I am writing to express my disappointment in the national inquiry by the ACCC into the dairy industry. I am not a farmer myself but have family and friends who are, but this is not just about them, this is about everyone in regional Australia. In the long run, all country residents suffer financially when there is less money in the community to keep our rural areas alive. The ACCC has found what is very obvious to most people, there is a strong bargaining power imbalance with farmers being at a major disadvantage and recommended a mandatory code, yet it has done nothing concrete to remedy the situation. I ask, what was the point of the inquiry then? What is most galling about the inquiry is that the ACCC has stated that discounted supermarket milk has not directly impacted the price farmers receive for their milk. What don't the ACCC understand? Technically they are right, but once you de-value a product, it impacts its long-term price for generations to come, as that de-valued price gradually becomes the norm and seeps into all aspects of its sales. It is also ironic that Coles, who introduced the $1 a litre milk regime, under Scottish CEO Ian McLeod are now sponsoring farmer of the year awards at a national level through a major country newspaper publication. This must be a slap in the face for farmers who read it. To cover the costs of the discounted milk, the 2 major supermarkets, who are now in partnership with fuel companies, have increased their fuel profit margins to record levels so not only are rural communities losing out on the benefits of fairer prices for farmers, but paying extra for fuel as well. I can only hope that in the next few years there is an awakening and an appreciation of the work that Australian farmers complete for us. They provide us with our most basic needs yet are treated as pawns by many – this needs to stop or we won't have people wanting to farm in future generations.
Dennis Bushell, Warrnambool
City looks great
Warrnambool has not looked better in 250 years. Obviously, this pre- European area, pristine, life-sustaining and environmentally cared for, took a dive with the cultures that arrived. Until recently. The streets look amazing, and it is becoming safer to cross them. The “lap-cutting” hoon mentalities down the main streets are hopefully a thing of the past, where now, people pushing prams, people in wheelchairs, people walking have the right of way. Let that sink in. People have the right of way. Two-ton iron killing machines, driven by morons who can’t yet read their “P” plates are forced to slow down. Fantastic! Congratulations to all involved in making Warrnambool a world-class city.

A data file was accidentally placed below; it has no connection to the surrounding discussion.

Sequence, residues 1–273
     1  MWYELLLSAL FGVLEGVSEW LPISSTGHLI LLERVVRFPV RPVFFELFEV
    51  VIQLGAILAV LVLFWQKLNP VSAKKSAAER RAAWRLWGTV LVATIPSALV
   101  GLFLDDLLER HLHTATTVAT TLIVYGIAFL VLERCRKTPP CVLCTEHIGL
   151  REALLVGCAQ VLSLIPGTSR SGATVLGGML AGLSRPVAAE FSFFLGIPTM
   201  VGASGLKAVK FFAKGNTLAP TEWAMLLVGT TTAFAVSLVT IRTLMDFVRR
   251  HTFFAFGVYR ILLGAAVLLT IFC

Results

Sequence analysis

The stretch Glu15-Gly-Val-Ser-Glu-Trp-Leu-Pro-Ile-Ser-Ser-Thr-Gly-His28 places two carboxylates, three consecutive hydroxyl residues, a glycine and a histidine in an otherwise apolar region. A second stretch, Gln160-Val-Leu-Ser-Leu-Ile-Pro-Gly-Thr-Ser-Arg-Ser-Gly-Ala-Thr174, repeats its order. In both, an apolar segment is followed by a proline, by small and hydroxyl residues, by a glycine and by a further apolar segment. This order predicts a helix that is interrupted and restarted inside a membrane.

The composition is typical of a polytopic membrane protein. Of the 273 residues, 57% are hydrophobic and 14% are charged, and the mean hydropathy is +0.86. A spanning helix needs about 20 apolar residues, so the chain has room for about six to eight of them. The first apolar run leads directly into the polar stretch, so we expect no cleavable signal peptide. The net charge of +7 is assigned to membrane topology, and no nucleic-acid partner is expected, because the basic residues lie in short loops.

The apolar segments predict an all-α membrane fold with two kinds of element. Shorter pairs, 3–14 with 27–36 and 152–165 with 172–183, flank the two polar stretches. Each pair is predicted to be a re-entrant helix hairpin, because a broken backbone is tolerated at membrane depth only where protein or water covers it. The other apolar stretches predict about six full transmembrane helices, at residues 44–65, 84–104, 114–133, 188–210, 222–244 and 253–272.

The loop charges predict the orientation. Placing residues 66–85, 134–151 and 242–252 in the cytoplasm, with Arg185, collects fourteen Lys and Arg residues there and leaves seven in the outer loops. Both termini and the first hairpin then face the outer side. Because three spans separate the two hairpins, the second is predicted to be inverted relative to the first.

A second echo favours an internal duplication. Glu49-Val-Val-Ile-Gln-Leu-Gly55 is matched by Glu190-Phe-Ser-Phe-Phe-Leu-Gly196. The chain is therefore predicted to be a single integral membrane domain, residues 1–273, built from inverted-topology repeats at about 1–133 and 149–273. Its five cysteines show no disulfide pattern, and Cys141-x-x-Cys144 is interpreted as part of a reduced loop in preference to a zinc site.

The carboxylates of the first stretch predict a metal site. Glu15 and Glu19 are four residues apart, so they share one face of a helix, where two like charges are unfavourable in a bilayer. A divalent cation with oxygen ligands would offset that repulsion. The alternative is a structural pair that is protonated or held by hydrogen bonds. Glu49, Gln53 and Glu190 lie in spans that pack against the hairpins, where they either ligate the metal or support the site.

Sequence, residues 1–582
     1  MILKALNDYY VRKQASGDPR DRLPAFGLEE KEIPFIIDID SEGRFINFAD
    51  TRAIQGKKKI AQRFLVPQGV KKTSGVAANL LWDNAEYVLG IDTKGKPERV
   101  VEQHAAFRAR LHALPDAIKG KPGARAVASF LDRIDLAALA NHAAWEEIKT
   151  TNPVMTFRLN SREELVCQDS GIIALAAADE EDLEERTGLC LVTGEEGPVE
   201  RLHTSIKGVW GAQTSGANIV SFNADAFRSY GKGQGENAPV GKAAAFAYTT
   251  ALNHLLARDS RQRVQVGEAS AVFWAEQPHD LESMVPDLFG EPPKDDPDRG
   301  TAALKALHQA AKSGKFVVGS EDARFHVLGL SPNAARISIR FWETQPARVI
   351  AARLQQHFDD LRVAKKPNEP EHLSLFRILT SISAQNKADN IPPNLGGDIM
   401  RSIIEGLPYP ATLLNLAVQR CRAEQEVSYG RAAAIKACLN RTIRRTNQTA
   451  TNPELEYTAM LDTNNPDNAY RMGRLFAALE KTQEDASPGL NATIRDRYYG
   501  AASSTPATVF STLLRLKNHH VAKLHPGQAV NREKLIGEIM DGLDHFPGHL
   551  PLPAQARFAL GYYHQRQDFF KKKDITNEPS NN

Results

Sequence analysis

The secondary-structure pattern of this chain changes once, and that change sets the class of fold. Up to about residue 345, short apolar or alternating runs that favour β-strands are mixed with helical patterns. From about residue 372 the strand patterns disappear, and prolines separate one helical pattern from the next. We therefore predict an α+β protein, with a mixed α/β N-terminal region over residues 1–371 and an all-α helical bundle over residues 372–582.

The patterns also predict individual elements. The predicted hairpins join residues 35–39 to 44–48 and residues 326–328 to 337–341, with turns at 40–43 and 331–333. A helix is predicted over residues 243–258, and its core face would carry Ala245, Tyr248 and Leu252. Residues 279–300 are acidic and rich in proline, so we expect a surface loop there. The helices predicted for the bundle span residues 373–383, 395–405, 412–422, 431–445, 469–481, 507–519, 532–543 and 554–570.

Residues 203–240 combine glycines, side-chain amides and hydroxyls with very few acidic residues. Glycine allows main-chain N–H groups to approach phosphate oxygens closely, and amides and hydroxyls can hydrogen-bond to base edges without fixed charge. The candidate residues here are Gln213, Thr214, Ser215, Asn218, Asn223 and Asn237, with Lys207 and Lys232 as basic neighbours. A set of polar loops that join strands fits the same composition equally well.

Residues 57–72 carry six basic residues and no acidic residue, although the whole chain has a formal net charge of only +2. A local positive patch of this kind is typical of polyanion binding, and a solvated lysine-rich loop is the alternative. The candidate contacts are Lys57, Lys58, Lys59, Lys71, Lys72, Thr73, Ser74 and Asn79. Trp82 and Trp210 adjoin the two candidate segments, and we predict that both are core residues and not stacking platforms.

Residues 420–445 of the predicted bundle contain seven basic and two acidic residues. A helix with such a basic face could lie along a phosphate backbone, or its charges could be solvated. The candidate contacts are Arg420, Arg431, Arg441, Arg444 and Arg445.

Lawry Mahon, Port Fairy
Support for fire stance
I take issue with Irwin Lowe (May 5, The Standard), suggesting some councillors from Moyne and Corangamite Shires had a hidden agenda concerning roadside vegetation. During the St Patrick's Day Fires, the Garvoc fire entered our farm. One only had to witness the chaos of trees falling across Ayresford Road following the fire to understand the councillors concern. It is not fair to ask firefighters to put their lives at risk by ignoring the dangers of burning trees falling across roads. The trees that fell across Ayresford Road should have been removed following Ash Wednesday fires. If the roadside did not create tunnels of fire why is the ground under the roadside trees still black while the pastured areas show signs of recovering? Over the next few years, fire-damaged trees particularly in Howards Road will continue to fall across the road as happened after the Ash Wednesday Fires. We do have conservation areas on our property, one of which was burnt in the recent fire. I do have a small amount of experience with fires, Ash Wednesday Fires 1983 and now St Patrick's Day fire. If making the roads safe is the councillors hidden agenda, I fully support them in their stand.
John McConnell, Terang
It’s ME/CFS Awareness Month, and once again my social media is filled with images of former ballet dancers now unable to lift a foot from bed; promising travel photographers now limited to the four walls around them; and the #MillionsMissing whose lives have been otherwise destroyed by this illness. ME/CFS is a neurological disease of unknown origin, commonly known (and often dismissed) as “chronic fatigue syndrome”. I could recite statistics, such as ME/CFS affects millions worldwide, that it receives less research funding than hayfever does, or that studies have shown the quality of life of an ME/CFS patient is, on average, far worse than those who live with kidney failure or heart disease. But what tells the story of ME/CFS best is the lost hopes and dreams of its victims. Those who cannot leave the home without use of a mobility device, or at all. My friends who have been bed bound for decades. And myself, a promising young psychology student, volunteer, violin player, daughter, sister and friend, identities what this disease has laid waste to. Perhaps the most grinding thing about this illness is the egregious misdirection of research funding, which led to potentially harmful treatments being forced upon patients whilst research into biological causes and evidence-based treatment has been set back decades. We can’t force governments to fund research into ME/CFS, nor save those who we have already lost to this illness. But we can contribute to study into the biological origins and possible causes of ME/CFS, by donating to the Griffith University Centre for Neuroimmunology and Emerging Disease in QLD. A free way to help is by watching the documentary Unrest, now available on iTunes, Netflix and YouTube. It’s these small gestures that could make the world of difference to someone with ME/CFS.
Siobhan Simper, Warrnambool